Moving from Mexico to the USA
Published on September 19th, 2022
US Sailing is celebrating Hispanic Heritage Month which occurs annually from September 15 to October 15. The observation started in 1968 as Hispanic Heritage Week under US President Lyndon Johnson and was expanded by President Ronald Reagan in 1988 to cover this 30-day period. Lexi Pline of US Sailing shares this report from the country’s Hispanic community:
At the ripe age of 21, Diego Escobar has sailed multiple world championships, claimed high school national titles, and competed with the Olympic Development Program – but it didn’t start out that way, according to the San Diego transplant.
“I actually didn’t like sailing competitively very much back then,” remarked Escobar. “But by the time I won my first regatta, I was hooked.”
Escobar’s parents enrolled him in a summer sailing camp as soon as they moved to San Diego from their native Mexico City, when he was six or seven. Coming to a new country with a new language, they encouraged him to try several sports to help him adapt to his new hometown.
“They had me try everything from surfing to sailing,” said Escobar. “My dad put me into the sailing summer camp and said, ‘You’re sticking to this, just try it.’ Eventually I started to appreciate it more.”
From sailing camp to interscholastic sailing, Escobar continued to progress in his sailing journey while navigating the world as a first generation American and sailor. As a young kid, Escobar dove in headfirst, repeating a year in grade school to help him learn English.
Moving from Mexico to the United States was a large culture shock, according to Escobar. Thankfully, Escobar’s parents were also able to connect with other groups of emigrees from Mexico that helped him adapt to his new home.
“These friends are practically family to me,” he said. “While my direct family was away in Mexico City, they were there to support me at regattas, school plays, and holidays when I was growing up.”
At age 11, Escobar moved from sailing for fun to competing, where he realized sailing could be his lifelong sport. He competed for his high school, Point Loma, helping the team to qualify for numerous fleet racing, team racing, and singlehanded national championships.
Escobar was part of the team that captured the Interscholastic Sailing Association’s Fleet Race National Championship in 2019 – results that propelled him to Georgetown, where he is now a member of their accomplished sailing team.
College sailing has been a welcome challenge for Escobar, who sees it as a chance to get hours on the water and foster a sense of community with his teammates.
“We have a unique opportunity to connect with people from all across the country on an interpersonal level that has resulted in some my best friendships,” he said. “While college sailing has a lot of ups and downs, I think it was still some of the most fun sailing I’ve done thus far. When else are you going to get to sail competitively with your best friends 4-5 days every week outside of the Olympic circuit?”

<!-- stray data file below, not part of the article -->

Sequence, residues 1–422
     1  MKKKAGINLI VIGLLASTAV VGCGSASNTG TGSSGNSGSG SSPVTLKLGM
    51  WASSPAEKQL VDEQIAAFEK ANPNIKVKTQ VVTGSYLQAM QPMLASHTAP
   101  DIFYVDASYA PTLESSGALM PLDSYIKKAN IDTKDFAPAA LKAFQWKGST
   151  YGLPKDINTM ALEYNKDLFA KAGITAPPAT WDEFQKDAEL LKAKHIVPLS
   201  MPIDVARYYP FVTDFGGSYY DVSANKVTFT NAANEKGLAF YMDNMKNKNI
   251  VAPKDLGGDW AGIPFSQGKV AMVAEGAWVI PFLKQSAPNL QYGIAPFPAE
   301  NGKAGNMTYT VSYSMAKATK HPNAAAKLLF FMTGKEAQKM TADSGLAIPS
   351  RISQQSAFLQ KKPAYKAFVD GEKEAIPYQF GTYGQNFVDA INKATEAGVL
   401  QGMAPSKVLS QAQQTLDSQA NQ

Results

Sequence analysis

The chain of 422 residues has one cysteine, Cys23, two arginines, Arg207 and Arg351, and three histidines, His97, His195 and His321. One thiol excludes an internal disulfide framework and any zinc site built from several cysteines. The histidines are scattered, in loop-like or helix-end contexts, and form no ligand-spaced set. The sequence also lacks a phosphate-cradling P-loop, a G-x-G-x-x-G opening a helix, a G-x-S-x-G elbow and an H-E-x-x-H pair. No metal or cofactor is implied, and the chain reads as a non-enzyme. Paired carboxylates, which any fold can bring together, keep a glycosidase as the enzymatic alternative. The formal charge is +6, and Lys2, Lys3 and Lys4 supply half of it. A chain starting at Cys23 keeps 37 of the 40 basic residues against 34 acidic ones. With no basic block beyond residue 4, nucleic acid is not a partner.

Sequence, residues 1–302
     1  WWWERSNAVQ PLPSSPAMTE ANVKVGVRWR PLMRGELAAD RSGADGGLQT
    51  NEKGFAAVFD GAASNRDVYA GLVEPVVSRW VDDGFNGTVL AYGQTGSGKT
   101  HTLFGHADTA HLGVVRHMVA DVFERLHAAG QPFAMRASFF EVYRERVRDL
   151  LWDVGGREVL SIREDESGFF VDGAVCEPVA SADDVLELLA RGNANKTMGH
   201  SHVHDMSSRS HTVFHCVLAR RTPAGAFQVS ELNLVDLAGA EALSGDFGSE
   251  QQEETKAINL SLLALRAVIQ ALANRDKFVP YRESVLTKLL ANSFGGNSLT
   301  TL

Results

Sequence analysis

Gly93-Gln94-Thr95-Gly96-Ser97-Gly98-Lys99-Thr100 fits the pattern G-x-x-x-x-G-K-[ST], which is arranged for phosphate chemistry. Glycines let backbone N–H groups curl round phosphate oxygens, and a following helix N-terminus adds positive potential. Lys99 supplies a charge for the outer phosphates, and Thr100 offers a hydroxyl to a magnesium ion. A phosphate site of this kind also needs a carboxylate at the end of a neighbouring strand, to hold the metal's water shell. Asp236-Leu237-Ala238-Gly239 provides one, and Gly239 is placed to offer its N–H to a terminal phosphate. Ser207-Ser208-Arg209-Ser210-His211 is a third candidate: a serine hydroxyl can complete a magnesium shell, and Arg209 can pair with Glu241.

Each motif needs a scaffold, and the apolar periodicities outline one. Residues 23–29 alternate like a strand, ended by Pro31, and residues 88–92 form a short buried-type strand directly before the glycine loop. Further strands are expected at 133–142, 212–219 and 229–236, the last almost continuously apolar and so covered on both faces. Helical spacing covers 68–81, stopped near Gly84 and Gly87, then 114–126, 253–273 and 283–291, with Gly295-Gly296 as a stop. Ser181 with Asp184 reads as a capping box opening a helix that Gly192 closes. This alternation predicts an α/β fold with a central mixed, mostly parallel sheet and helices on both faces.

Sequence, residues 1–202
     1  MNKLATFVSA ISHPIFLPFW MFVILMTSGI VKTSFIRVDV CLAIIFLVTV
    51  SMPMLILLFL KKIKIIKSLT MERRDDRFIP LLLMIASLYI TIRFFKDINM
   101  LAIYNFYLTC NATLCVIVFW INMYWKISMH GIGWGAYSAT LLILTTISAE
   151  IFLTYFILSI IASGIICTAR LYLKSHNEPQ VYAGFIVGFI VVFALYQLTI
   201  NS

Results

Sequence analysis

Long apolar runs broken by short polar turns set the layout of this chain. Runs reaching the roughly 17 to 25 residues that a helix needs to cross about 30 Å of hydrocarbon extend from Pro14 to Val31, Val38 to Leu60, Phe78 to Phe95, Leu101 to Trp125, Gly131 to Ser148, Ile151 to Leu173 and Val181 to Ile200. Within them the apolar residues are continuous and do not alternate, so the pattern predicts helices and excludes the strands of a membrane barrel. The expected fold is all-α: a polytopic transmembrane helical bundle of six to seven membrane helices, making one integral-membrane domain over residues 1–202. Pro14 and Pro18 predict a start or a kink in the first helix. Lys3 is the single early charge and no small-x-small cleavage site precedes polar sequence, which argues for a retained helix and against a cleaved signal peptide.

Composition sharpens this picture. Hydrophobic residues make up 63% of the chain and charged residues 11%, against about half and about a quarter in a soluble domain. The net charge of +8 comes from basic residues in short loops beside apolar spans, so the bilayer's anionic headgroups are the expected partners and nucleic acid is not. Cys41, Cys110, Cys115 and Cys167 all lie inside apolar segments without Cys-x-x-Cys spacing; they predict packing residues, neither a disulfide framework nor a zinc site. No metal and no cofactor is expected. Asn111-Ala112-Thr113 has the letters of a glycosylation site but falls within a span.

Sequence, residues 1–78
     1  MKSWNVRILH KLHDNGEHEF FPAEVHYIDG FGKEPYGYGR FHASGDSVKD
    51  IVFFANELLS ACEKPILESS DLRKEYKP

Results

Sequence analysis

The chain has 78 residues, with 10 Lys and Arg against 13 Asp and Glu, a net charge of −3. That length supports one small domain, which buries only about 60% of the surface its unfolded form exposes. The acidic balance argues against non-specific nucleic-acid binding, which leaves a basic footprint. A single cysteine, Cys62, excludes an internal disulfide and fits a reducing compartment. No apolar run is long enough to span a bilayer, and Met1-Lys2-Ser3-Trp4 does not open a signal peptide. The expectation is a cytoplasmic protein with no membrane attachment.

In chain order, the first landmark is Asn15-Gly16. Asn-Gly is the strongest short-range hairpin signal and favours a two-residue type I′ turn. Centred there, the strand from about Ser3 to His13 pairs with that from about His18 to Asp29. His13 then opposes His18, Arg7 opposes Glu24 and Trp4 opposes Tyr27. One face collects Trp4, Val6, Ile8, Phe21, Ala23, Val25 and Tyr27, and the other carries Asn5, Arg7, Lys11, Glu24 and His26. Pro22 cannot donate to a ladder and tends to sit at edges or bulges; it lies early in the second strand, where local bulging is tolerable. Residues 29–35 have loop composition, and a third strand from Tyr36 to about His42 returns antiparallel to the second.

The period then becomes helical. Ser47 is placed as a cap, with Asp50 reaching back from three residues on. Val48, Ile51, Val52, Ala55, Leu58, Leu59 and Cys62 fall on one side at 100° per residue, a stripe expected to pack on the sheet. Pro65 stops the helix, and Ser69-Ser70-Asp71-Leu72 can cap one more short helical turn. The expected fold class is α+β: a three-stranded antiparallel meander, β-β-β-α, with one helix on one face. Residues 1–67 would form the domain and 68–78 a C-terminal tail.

Outside of interscholastic sailing, Escobar took an interest in San Diego’s local Snipe fleet, eventually qualifying and competing in the 2019 World Championship and 2022 Junior World Championship. He and his sister, Ximena, qualified for the Junior World Championship in Portugal this past summer together, training as a family and a team.
“The highlights of that event were the international friendships we made off the water and battling hard to finish third in one of the windiest races, with six-foot swell, and seeing that Ximena and I were the only coed team in the top of the fleet,” Escobar recalls.
That community-centered nature, coupled with fierce competition, attracted Escobar to the class.
“What keeps me coming back to the Snipe is the multi-cultural makeup of the fleet, and in particular the popularity of the Snipe in Latin America,” Escobar remarked. “I truly enjoy getting to speak in my native tongue with other sailors and experience the sport I love with other people from a similar background.”
As far as his experience in the American sailing community, Escobar recalls a lack of diversity that was apparent from the start.
“My sister and I did a lot of sports growing up and sailing was by far the most lacking in diversity,” said Escobar. “It wasn’t until my participation in high school sailing, where traditional yacht club teams are foregone, did I see more diversity in the fleet.”
Escobar hopes to see more kids from outside the sport give sailing a try, like he was able to.
“I know sailing can be a very technical sport where it’s very hard to break in if you don’t know anyone,” he said. “But I think I’m a testament to the ability to come in if you have a passion for it, if you keep asking questions, and you stick with it.”